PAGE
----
In Jane Austen's Emma, when Emma and Mr. Knightley are discussing first names, this exchange happens:

'And cannot you call me "George" now?'
'Impossible!—I never can call you any thing but "Mr Knightley." I will not promise even to equal the elegant terseness of Mrs. Elton, by calling you Mr K.—But I will promise,' she added presently, laughing and blushing—'I will promise to call you once by your Christian name. I do not say when, but perhaps you may guess where;—in the building in which N. takes M. for better, for worse.'
Emma, chapter 53

What does "N. takes M." mean? At first I assumed that it was an abbreviation of the names of a couple getting married, given that it followed the mention of "Mr. K" and allusion to "Mr. E", but none of the other couples' names matched up. Since it's evidently not that, it must stand for something else. I assume it's when they're getting married, but I'm not clear on what "N." and "M." mean.

What do these stand for? What's being referred to here?


1 Answer 1


This is fairly obscure, but (like any good riddle) obvious when you have the right information to see the answer.

Have a look at The Form of Solemnization of Matrimony from the Church of England's Book of Common Prayer: essentially, the stuff that a priest would say during an Anglican wedding ceremony.

I publish the Banns of Marriage between M. of - and N. of -. [...]

I N. take thee N. to my wedded wife, to have and to hold from this day forward, for better for worse, for richer for poorer, in sickness and in health, to love and to cherish, till death us do part, according to God's holy ordinance; and thereto I plight thee my troth.

I N. take thee N. to my wedded husband, to have and to hold from this day forward, for better for worse, for richer for poorer, in sickness and in health, to love, cherish, and to obey, till death us do part, according to God's holy ordinance; and thereto I give thee my troth.

In this pretty official document, "M." and "N." are used as placeholders to represent the names that the priest should read out at the beginning of the ceremony. Later on, when the couple are taking their vows, it's only "N." that's used, but other versions of the Book of Common Prayer (such as this one from c. 1800-1820 - thanks @GarethRees) consistently use "N." for the bride and "M." for the groom. Note the appearance of the phrase "for better, for worse", so that in the versions which consistently differentiate between "N." and "M.", we literally have the line "I N. take thee M. [...] for better for worse", almost exactly the same as in your quoted passage. This confirms that we've solved the riddle correctly and found what's being referred to.

So yes, it is "an abbreviation of the names of a couple getting married", as you guessed. But not a specific couple: rather, "N." and "M." are essentially the "John and Jane Doe" of Church of England documentation.

Thanks to this site for pointing me to the correct answer. It also contains further information about the usage or non-usage of "M." in different editions:

In the earlier versions of the prayerbook, this "N." occurred wherever either the man's name or the woman's name was to be spoken as part of the wedding ceremony. In most later editions of the prayerbook, in order to prevent any possible confusion as to where the man's name was to be spoken, and where the woman's name, two different letters have been used -- "M." was introduced to mark places where the man's name should be said, while "N." was left to mark places where the woman's name should be said. The differentiation was probably done in this way merely because the man's name is usually said before the woman's name in the ceremony, and "M." comes before "N." in the alphabet; as far as I'm aware, there is no deeper significance to the particular choice of letters for the man's and woman's names, and the letter "M." doesn't seem to abbreviate anything (in the way that "N." can be said to abbreviate nomen). (One ingenious suggestion, that "M." and "N." were intended to stand for Latin maritus "husband" and nupta "bride", must remain rather doubtful.)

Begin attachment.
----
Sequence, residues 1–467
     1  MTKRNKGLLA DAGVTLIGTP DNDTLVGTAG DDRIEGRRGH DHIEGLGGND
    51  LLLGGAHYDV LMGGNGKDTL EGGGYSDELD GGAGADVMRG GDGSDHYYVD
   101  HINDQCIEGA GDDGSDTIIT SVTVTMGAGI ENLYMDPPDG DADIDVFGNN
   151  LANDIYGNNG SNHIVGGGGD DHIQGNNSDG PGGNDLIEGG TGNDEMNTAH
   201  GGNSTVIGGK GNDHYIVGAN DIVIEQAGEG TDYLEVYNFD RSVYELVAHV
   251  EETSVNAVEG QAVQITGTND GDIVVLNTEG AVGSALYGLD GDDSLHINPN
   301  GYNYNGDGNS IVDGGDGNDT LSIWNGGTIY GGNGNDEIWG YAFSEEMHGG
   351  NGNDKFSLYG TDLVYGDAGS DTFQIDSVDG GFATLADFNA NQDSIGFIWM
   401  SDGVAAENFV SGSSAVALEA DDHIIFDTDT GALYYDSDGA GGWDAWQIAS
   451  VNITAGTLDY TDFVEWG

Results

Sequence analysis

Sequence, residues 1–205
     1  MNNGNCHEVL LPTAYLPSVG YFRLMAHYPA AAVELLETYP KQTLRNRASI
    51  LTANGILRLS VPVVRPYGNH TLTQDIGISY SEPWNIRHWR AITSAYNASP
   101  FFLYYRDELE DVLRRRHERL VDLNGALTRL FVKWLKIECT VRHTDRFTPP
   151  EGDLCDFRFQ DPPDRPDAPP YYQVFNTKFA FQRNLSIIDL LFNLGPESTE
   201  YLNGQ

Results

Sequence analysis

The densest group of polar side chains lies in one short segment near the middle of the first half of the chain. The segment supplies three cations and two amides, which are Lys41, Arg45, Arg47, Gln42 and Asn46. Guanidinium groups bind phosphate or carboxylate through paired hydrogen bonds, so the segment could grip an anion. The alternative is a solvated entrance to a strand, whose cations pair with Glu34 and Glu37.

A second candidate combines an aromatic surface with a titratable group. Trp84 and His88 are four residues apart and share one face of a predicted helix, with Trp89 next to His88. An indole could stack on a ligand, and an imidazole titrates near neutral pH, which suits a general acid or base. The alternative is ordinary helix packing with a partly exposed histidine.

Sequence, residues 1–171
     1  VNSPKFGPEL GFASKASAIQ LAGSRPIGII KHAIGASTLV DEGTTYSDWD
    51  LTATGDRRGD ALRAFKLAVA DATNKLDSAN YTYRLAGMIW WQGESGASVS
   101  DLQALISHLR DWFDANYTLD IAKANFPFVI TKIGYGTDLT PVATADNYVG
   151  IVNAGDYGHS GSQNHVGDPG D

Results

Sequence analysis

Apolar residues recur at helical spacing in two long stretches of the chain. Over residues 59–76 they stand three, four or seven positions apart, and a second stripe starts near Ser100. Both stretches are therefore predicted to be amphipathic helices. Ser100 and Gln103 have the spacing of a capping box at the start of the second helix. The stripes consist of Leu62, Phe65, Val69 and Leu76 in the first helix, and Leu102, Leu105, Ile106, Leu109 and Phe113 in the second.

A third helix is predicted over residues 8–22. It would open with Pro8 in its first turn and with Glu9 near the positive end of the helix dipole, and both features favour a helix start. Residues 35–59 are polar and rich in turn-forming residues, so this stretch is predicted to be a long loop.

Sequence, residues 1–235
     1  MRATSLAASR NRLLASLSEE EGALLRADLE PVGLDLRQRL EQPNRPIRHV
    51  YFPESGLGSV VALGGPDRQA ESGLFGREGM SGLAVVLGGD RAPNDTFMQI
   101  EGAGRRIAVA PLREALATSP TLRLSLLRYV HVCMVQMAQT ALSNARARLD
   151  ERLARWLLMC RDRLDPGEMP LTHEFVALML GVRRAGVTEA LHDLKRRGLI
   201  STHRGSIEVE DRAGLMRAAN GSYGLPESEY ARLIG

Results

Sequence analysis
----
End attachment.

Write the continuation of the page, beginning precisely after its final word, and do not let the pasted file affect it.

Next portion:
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    In the version of the Book of Common Prayer in the late 18th century, the phrasing of the bride's vow was "I N. take thee M." exactly as indicated in the quote from Emma. See for example this edition, c. 1800 Sep 1 at 15:51
  • Thanks @GarethRees, I've added that info. I kept the last quote as well, although it's unconfirmed by more authoritative sources and doesn't say exactly what's meant by "earlier" and "later", such as when the change came about.
    – Rand al'Thor
    Sep 2 at 5:35
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    You can check for yourself by looking at different editions through time. I did a quick check and found that M. appears for the first time in editions from the 1760s. Sep 2 at 10:56
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    As to that Latin suggestion, weren't those priests and ministers steeped in both Latin and Greek (if not Hebrew) at that time - or maybe as a better analogy immersion baptised at an early age in those liturgical languages?
    – civitas
    Sep 2 at 23:01
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    @civitas They were, but that doesn't make the suggestion plausible. In the Latin rite the priest asks, "N. vis accipere N. hic praesentem?" with N. standing for both names. In this case N. must stand for nomen. The letter M. was introduced in some editions of the Book of Common Prayer in the 18th century, long after the rite had been translated into English. The letters M. and N. also stand for names in the Catechism ("Question What is your name? Answer N. or M.") where maritus and nupta would make no sense. Sep 3 at 9:16

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